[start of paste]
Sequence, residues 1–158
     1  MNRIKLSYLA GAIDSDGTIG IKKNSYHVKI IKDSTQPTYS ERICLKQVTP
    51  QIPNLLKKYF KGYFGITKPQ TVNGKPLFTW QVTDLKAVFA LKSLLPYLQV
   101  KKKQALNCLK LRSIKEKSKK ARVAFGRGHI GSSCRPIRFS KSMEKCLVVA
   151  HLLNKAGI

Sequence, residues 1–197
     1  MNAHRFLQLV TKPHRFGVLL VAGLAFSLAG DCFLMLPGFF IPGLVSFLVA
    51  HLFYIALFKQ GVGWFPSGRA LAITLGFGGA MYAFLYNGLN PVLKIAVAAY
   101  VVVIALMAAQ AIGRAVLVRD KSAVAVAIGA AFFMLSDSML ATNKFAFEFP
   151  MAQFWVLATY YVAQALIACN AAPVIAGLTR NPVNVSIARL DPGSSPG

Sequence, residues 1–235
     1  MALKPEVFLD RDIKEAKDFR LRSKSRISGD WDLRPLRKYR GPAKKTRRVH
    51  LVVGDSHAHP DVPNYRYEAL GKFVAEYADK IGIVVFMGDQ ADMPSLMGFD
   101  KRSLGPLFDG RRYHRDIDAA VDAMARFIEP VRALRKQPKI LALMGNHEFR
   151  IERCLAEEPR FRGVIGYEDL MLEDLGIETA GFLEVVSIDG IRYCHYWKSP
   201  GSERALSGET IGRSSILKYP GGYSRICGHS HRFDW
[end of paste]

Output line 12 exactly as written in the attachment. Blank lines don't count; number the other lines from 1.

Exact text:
     1  MALKPEVFLD RDIKEAKDFR LRSKSRISGD WDLRPLRKYR GPAKKTRRVH